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By Cody Jones

12/10/2013 (11 months ago)

Catholic Online (www.catholic.org)

It is absolutely essential that we read scripture.

It's getting on toward the end of the year and as we wrap up 2013, I inevitably think about my goals for this year.

We should be reading scripture daily as a good disciple.

We should be reading scripture daily as a good disciple.

Highlights

By Cody Jones

Catholic Online (www.catholic.org)

12/10/2013 (11 months ago)

Published in Blog


One goal that I set at the beginning of the year was to read more, and specifically to read a book a week.  This was quite an ambitious goal considering that at the beginning of this year I was working and finishing up a master's degree. While I have always felt that reading is very important, I knew that there had to be something concrete for me to do in 2013.

Now, I bet you're wondering if I stuck to my goal. No, I didn't. I am finishing the year having read just over 30 books covering many different topics and of varying levels of difficulty. Will I make the resolution again? Absolutely.

What this resolution allowed me to do was to make reading a priority and thus whatever reading I was doing was more focused than in years past. What does our reading tell us about our theology?  Henri Nouwen calls believers to deep theological reflection and "spiritual reading."  it is in this kind of attention to reading that we are shaped and formed as believers, as individuals. In having a focused plan, or attention to reading, you are putting yourself on a diet to take in that which challenges your assumptions, expands your imagination (not to mention your vocabulary) and opens your perspective to other points of view.

Enjoy reading the Bible on your tablet.


Now, what are you reading? As Christians, it is absolutely essential that we spend some time each day reading scripture.  This shouldn't be something that we come to out of guilt or obligation, but a well informed discipline that is a part of our discipleship. There are a lot of ways to come to scripture. 

Allow me to suggest a few:

  • You could read a chapter each day.
  • You could read a book of the Bible on a quiet Saturday morning and then spend the next     month re-reading it.
  • You could meditate on themes and images that come out of poetry and prophecy texts (I find that Advent is a great time to do that because of the Isaiah readings).
  • You could spend time each day reading the daily Mass texts with special attention given to the Gospel lesson.

These are a few ways you can engage more with scripture. There really is no wrong way, but there are ways that will allow you to develop a broader perspective and understanding of scripture. These ways tend to require the sacrifice of reading more often and more deeply. I encourage you to make reading scripture a priority this advent as well as in 2014.

Being told to read the Bible is one thing that many of us have heard our entire lives, but why is it really that important? I have spent my life thinking that if I read the Bible more that I would somehow instantly start growing to be a better person, to sin less, to think fewer negative thoughts, and so on.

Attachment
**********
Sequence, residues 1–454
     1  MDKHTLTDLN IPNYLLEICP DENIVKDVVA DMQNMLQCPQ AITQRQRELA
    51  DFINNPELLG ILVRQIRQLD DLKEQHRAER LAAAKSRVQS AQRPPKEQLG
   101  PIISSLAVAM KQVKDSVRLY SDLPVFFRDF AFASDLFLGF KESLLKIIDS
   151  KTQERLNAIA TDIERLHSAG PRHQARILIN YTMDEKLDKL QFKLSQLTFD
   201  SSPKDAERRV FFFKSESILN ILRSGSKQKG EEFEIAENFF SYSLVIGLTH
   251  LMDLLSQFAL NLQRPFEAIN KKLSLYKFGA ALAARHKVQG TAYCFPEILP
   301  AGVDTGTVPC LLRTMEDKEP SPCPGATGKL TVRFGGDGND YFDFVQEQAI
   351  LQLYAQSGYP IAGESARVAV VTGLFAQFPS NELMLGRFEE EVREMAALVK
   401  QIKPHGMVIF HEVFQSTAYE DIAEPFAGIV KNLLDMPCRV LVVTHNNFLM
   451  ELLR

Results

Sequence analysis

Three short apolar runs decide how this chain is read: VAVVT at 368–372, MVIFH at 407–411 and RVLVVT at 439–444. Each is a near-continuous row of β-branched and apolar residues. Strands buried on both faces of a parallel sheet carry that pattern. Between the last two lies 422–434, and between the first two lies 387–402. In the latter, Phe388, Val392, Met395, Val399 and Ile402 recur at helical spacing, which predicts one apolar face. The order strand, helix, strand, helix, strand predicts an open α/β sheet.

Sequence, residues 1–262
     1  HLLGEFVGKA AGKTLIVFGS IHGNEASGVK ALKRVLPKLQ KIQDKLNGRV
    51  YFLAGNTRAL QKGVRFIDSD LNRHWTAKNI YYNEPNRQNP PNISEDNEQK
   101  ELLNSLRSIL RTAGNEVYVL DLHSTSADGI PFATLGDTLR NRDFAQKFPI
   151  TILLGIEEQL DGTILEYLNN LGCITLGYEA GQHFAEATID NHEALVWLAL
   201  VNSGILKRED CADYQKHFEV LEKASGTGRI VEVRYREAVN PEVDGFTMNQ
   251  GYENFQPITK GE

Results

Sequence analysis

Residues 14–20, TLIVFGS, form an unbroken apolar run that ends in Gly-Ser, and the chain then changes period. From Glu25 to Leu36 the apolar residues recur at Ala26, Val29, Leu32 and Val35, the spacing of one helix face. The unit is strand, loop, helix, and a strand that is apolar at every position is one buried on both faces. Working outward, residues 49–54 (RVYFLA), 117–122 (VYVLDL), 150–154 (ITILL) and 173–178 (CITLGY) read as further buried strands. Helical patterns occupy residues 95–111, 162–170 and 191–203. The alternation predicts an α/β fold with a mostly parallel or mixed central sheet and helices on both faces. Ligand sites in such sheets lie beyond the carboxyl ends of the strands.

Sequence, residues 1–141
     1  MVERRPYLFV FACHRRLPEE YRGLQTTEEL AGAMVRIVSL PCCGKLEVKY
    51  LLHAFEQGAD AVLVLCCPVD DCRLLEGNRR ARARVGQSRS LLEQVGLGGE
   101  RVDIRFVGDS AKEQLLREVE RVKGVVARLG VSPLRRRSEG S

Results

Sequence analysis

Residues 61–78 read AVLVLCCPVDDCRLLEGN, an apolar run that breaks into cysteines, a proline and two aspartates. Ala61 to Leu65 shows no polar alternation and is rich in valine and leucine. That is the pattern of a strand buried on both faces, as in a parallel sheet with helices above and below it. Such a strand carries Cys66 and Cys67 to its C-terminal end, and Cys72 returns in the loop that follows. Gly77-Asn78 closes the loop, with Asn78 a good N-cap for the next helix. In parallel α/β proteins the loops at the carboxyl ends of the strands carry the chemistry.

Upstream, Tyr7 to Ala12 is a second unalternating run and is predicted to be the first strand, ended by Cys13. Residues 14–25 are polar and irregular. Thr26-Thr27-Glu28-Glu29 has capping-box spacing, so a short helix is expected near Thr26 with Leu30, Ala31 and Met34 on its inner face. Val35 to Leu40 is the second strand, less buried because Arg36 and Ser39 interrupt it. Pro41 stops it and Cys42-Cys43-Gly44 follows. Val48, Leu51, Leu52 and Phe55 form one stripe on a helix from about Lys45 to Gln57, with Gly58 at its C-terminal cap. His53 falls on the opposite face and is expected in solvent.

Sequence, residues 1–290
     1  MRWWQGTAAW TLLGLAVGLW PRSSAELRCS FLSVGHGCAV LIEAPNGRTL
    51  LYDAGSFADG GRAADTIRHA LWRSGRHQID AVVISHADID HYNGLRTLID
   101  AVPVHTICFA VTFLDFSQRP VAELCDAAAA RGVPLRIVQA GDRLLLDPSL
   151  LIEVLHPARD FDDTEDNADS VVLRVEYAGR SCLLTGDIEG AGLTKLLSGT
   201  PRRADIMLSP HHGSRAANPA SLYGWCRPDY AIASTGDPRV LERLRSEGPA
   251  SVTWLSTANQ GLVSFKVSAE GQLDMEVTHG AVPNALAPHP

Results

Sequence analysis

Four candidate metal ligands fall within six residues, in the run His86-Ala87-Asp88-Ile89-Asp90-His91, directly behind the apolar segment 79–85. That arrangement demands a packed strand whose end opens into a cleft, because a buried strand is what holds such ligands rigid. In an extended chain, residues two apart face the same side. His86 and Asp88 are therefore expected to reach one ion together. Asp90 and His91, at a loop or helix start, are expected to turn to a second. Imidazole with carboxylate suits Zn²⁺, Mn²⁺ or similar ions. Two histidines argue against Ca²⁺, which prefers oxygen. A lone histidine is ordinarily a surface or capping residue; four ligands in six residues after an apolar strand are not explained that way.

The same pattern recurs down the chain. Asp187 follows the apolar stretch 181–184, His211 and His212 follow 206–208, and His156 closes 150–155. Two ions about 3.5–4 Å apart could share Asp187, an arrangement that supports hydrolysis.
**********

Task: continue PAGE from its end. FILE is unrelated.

It doesn't really work like that, but what it does do is to shape our vocation as believers. When we really take the reading of scripture seriously, we see themes pop over and again. For instance, one theme that continues to pop up in the psalms is the issue of poverty. As you look closer at scripture and inundate yourself more frequently with these themes, your life has to reorient itself around what it feels to be important. If scripture has a lot to say about poverty, the poor, those cast down, then inevitably, you have to ask the question: how do I fit into all of this? Therefore, a constant reading shapes and informs our vocation as believers.

But, we can't stop at scripture alone. What are we reading and how is it challenging us to be the people God has called us to be? In order to be reading more, often ask yourself the question: What am I reading right now? If it's the same book that you were working on a few months ago, maybe it's time to put it down and try again with something else.

Read books that inspire you. Read books that make you uncomfortable. Read books that help you to understand the people you love.

For instance, I am a church musician and with my children's choir, I like to know what they are reading and why they like it or dislike it. Sometimes I will read what they are reading so that I can understand them a little better. I can have a little insight as to what they enjoy or what they find challenging. 

Engage in discussion with people you love about what you are reading, but it's easy to become obnoxious about those kinds of things, so be sure to monitor your level of excitement. 

We are a people called to searching and finding, asking, and knocking. ONE way that this comes about is through deep reading. There are many different ways to go about it, but I encourage you to pick up a book, join a library, purchase a magazine subscription. Challenge yourself. Get past your excuses and start searching, pondering and reading. Whether it's a paragraph here and there or volumes of literature, whether it's Flaubert or Thomas Merton, books can give us necessary insight into our lives of faith and into who we are called to be in Christ Jesus.

Blessings on your reading and let me know how it goes!

A birth foretold: click here to learn more!

---


Pope Francis: end world hunger through 'Prayer and Action'


© 2014 - Distributed by THE NEWS CONSORTIUM

Pope Francis Prayer Intentions for November 2014
Lonely people:
That all who suffer loneliness may experience the closeness of God and the support of others.
Mentors of seminarians and religious: That young seminarians and religious may have wise and well-formed mentors.



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